Manga / Sailor Moon

This page covers the manga and 1990s anime. For the entire franchise, see Franchise.Sailor Moon.
"Moon Prism Power, Make-UP!"

Sailor Moon, the world-famous manga (and anime adaptation) created by pharmacist-turned-manga-author Naoko Takeuchi, tells the story of Usagi Tsukino, a clumsy and lazy 14-year-old underachiever whose life takes a turn for the unexpected when she discovers that she is the Reincarnation of an ancient lunar warrior from the Moon Kingdom. With the aid of a feline mentor called Luna, Usagi must take up the mission of defending the Earth from the various evils that threaten it while searching for the reincarnation of the Moon Kingdom's princess.

Over the course of a year, Usagi grows into her role as the Magical Girl Sailor Moon and greatly matures as a result, gathering a team of four other reincarnated warriors and realizing her true potential as both a fighter and a growing young woman. The series itself mostly follows a Monster of the Week format, with subsequent series introducing escalating foes and matching power-ups, and greatly expanding the mythos behind Usagi's past life in the Moon Kingdom and her fated future in the utopian Crystal Tokyo.

The show was licensed globally throughout a good portion of The '90s. Practically every country and region received its own international dub, which for many fans outside of Japan became the only version that they knew. The anime itself displaced the original manga. The regulation of translation accuracy, adaptation for ease of viewing, and editing due to local censorship concerns varied wildly by region. Thanks, though, to the concurrent flowering of Internet fan communities, fans became aware of these changes (loudly, in the case of the North American fandom) sometimes well before episodes even aired.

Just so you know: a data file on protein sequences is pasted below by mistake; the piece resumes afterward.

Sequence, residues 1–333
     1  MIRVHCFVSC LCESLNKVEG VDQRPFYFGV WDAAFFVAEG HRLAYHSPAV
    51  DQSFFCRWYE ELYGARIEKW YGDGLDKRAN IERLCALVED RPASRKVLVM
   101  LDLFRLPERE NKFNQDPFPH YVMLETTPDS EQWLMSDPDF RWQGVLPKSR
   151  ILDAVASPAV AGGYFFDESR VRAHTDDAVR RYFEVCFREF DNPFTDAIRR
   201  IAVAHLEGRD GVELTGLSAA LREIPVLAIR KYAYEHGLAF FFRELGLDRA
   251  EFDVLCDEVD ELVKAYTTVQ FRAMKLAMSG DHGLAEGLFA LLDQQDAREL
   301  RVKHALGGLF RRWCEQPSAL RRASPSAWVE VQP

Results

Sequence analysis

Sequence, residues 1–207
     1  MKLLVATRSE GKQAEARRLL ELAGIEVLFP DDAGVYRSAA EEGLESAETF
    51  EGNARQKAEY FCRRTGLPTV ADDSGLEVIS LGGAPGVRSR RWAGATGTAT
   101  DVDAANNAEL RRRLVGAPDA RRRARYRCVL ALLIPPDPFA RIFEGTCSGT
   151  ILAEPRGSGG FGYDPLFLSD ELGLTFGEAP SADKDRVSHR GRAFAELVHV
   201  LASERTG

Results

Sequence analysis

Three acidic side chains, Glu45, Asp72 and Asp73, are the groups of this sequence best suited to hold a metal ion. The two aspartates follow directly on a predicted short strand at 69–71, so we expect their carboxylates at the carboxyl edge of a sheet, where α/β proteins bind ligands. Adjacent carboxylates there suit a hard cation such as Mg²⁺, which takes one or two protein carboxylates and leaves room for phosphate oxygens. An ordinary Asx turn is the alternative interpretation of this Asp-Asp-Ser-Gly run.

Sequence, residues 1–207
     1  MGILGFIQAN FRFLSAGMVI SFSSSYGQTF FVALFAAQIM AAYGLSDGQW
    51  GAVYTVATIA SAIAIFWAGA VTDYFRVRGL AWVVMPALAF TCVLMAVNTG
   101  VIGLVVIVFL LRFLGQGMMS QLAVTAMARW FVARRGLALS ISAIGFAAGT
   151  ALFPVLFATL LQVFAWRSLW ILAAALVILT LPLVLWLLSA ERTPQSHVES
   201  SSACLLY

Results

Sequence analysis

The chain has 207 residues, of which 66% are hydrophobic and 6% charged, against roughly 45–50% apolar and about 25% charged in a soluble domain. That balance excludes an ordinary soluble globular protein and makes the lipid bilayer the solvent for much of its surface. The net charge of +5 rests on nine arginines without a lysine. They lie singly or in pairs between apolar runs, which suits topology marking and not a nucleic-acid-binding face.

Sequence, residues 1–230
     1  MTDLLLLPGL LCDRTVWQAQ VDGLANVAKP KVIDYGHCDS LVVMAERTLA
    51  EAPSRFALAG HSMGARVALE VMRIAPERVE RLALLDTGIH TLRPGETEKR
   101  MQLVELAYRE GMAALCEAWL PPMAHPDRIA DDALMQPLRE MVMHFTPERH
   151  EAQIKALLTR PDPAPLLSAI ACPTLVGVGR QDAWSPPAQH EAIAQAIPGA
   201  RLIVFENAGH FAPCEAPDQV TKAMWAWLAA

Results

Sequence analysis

The original English dub was produced by DiC for the first two seasons, and recorded at Optimum Productions in Toronto, Canada. This English dub was heavily edited and reduced the first 89 episodes to 82. Many plot points were changed and characters renamed. The show initially aired in "strip syndication" in the US in 1995, but was a ratings failure and moved to cable on the USA Network in 1997 and later to Cartoon Network's Toonami block in 1998 (after USA had dropped their remaining cartoons), becoming their first anime hit and the show credited with starting the anime boom in the late '90s and early 2000s. To this day, Sailor Moon remains one of the most recognized and mainstream anime titles in North America. If you approach anyone on the street and ask them to name a Japanese anime, Sailor Moon will almost certainly be one of the natural responses, along with Pokémon and Dragon Ball Z.